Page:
Life Sciences Future Skills 2030

As published in the Life Sciences Industrial Strategy update this month, and as a result of strong collaboration across all sectors, there has been substantial progress in making the UK a more attractive place for life sciences companies. Talented people are a vital component for this success and the life sciences sector is increasingly dependent on specialised talent to support and sustain emerging technologies. These specialist skills are needed to deliver ground-breaking treatments to patients and as UK Bioindustry grows, more job opportunities, unique skills and entrepreneurial talent will be required.

In partnership across industry and Government, BIA member companies provided incredible insight and industry evidence for the Life Sciences 2030 Skills Strategy, a key deliverable in the Life Sciences Sector Deal.  Evidence gathered showed that it’s about innovative treatments and new technologies, but also a changing society, expectations of the next generation and that the 2030 workplace may be very different.

We will need to organise our teams to be more agile and further integrate traditional skills with new transformative, digital skills. The resultant strategy tells us that the sector has potential to create 133,000 jobs over the next 10 years, with a large proportion of these in the biotech sector, and that digital skills, statistical literacy, leadership and inter-disciplinary working are essential to our continued success.

The 2030 strategy recommendations require focus to prepare for change and meet these skills demands. Developing our home-grown talent pipeline is an industry priority in order to unlock value through skills and meet the significant recruitment demand faced. Alongside domestic skills development, maintaining the UK’s world-leading position in supporting the transfer and exchange of a global workforce will ensure the UK remains an attractive place to invest and work.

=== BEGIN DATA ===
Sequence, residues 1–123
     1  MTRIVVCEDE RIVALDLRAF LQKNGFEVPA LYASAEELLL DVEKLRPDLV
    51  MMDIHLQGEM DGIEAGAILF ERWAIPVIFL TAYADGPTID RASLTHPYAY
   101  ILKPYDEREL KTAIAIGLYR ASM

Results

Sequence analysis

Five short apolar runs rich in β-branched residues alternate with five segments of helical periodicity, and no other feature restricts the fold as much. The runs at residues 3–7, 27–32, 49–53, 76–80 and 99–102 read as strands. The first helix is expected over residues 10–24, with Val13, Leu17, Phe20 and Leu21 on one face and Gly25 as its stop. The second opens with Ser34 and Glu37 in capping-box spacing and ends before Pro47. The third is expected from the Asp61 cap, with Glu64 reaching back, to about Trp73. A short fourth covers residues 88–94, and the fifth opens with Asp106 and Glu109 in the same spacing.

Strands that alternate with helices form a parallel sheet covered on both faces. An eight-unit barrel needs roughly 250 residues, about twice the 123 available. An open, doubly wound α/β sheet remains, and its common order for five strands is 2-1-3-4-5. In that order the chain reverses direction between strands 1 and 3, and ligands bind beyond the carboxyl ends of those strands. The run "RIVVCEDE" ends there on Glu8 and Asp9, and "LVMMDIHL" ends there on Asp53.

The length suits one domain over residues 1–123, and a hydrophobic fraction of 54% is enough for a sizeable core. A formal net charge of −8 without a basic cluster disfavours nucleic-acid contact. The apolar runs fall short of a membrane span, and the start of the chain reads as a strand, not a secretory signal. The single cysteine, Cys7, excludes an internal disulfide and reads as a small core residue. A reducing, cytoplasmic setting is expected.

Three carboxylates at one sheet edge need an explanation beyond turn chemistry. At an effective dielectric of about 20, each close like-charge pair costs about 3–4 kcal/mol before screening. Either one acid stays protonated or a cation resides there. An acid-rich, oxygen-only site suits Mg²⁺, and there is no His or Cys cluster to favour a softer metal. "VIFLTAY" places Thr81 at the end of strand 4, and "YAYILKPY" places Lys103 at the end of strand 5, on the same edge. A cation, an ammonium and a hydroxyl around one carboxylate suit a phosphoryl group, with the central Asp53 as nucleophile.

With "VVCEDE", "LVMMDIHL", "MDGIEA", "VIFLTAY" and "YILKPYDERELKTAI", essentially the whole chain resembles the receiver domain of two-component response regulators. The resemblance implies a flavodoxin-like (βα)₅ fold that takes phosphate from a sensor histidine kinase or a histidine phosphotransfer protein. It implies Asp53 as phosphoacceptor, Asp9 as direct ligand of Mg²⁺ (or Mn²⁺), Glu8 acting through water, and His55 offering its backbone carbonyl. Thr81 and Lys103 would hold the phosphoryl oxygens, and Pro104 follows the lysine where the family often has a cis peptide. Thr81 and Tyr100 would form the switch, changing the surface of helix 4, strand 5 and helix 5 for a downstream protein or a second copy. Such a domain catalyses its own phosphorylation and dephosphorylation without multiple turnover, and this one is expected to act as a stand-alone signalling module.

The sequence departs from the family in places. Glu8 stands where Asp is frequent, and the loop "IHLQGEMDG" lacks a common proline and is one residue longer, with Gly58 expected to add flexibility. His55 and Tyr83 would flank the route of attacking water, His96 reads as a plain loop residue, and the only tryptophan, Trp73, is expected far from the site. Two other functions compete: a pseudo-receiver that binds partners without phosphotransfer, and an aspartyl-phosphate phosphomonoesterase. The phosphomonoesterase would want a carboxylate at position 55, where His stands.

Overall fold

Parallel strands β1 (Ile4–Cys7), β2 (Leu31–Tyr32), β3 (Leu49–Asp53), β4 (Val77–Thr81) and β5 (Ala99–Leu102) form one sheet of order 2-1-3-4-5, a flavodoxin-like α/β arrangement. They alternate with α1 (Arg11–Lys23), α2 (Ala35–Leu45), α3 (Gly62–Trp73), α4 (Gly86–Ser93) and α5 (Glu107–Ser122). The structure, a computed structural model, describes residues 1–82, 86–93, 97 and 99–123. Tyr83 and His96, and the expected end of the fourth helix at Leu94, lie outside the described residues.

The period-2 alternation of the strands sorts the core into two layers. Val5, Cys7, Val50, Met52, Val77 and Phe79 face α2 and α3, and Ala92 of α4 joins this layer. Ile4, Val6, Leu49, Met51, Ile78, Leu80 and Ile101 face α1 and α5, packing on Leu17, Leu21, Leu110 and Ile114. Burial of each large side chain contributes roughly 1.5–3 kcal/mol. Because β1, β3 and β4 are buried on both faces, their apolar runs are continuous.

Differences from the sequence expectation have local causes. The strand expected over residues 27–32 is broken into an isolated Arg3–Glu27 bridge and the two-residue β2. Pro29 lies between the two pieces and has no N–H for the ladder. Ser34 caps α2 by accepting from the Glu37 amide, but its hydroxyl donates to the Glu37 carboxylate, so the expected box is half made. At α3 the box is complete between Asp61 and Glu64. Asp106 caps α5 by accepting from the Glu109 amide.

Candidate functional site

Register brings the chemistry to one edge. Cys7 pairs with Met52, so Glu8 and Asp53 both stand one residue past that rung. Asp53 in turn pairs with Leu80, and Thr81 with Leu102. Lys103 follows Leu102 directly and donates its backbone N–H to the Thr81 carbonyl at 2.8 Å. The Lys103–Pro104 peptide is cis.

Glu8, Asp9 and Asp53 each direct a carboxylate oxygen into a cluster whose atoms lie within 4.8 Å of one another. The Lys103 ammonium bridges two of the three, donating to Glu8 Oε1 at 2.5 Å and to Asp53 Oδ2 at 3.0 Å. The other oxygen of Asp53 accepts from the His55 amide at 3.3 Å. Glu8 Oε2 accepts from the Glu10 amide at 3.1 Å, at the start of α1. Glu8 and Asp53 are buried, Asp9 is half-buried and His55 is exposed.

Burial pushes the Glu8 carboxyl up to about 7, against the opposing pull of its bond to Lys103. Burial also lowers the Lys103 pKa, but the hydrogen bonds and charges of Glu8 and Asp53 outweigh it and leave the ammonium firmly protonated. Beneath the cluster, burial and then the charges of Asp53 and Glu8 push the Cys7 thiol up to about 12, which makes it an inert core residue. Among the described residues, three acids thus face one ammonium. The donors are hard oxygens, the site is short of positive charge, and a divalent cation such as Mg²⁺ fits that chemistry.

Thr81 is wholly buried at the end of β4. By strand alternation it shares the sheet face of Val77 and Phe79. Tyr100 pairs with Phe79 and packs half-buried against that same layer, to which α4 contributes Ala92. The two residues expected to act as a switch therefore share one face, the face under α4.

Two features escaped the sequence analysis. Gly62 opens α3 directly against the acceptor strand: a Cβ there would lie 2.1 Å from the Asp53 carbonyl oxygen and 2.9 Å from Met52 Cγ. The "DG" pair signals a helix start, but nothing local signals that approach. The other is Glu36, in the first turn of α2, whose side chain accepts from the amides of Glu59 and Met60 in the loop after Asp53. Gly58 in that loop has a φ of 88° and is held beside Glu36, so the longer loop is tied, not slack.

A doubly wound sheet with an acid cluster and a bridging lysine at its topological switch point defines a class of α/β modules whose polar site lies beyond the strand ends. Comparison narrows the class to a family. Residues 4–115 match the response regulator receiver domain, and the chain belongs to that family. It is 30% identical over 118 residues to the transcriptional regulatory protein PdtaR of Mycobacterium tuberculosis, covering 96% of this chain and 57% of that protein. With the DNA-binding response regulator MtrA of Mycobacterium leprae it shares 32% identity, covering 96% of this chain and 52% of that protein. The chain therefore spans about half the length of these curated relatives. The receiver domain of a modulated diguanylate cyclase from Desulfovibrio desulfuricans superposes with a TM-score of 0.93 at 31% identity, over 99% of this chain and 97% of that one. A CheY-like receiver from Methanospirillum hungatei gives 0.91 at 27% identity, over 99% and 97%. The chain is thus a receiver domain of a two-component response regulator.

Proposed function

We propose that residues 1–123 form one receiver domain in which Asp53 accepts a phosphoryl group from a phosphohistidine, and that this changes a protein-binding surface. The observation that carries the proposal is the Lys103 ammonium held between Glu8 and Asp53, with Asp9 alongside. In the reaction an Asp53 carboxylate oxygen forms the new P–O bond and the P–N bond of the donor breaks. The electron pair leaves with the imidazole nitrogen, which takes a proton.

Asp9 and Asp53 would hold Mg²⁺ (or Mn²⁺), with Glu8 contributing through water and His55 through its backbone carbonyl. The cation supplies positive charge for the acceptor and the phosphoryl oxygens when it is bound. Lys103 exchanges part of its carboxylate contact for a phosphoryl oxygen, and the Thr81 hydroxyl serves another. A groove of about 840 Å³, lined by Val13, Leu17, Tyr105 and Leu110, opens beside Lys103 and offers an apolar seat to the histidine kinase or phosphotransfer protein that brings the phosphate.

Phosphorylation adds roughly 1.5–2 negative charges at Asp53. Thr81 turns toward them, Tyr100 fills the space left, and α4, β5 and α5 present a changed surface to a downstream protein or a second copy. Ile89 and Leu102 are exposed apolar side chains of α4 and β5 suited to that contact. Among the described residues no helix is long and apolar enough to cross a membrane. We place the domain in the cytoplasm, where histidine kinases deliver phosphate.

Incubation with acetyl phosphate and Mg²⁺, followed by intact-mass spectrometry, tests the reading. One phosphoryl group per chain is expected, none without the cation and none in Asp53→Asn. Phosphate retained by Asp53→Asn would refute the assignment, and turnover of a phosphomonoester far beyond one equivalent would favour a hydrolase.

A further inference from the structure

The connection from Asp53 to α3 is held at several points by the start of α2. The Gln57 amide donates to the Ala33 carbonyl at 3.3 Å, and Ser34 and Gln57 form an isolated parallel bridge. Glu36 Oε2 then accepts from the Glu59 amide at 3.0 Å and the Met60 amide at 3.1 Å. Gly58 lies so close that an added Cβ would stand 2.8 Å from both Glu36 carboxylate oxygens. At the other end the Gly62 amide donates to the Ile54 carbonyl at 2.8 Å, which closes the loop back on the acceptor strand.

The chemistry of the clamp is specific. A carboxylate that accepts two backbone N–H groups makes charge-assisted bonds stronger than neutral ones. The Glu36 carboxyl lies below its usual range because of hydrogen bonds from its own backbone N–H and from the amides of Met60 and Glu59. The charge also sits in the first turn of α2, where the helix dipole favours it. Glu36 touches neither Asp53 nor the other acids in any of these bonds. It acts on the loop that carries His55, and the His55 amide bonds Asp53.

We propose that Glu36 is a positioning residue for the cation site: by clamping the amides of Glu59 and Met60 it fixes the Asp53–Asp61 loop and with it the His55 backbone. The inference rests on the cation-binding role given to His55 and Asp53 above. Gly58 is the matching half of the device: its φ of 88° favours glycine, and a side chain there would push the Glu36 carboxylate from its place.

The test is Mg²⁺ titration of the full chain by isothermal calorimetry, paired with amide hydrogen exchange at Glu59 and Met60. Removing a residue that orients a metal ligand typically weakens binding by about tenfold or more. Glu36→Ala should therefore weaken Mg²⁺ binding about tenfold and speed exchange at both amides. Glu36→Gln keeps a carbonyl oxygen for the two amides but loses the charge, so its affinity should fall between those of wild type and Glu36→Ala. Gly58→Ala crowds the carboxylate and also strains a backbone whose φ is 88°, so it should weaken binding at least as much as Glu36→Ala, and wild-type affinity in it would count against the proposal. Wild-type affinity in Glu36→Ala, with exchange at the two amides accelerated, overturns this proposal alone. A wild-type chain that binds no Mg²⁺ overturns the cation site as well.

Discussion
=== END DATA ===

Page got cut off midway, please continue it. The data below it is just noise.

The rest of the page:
The UK has a strong skills infrastructure across Higher Education and Further Education, we need to build on this to develop multi-disciplinary, industry ready graduates with a future focus on translation, commercialisation and computational skills. Technical and vocational education are undergoing considerable reform and the Life Sciences Industrial Strategy highlighted a need to increase uptake of life science apprenticeships, particularly across SMEs. The public sector and industry are working together to build strong vocational life science skills by funding more high-quality sciences apprenticeships. Key projects such as the Advanced Therapies Apprenticeship Community (ATAC) has made a significant impact in addressing the reported skills gaps in these areas.

The research base also points to a need to foster a new approach to lifelong learning and promotion of the Life Sciences sector to inspire, inform and build a diverse, entrepreneurial and resilient future workforce. Support for companies to deliver on their growth strategies through provision of supportive education programmes, a range of industry relevant training and practical packages may be required to ensure students, existing staff and those entering from other sectors have the opportunity to learn and practice complex processes which are specifically tailored to meet the needs of the sector.

The primary recommendation from the 2030 future skills strategy is to implement a Life Sciences Skills Action Plan to oversee and coordinate the delivery of the strategy’s recommendations. I look forward to engaging with BIA member companies through this partnership approach to ensure delivery of skills programmes that really address industry needs.

Kate Barclay

Kate Barclay

Skills Strategy Consultant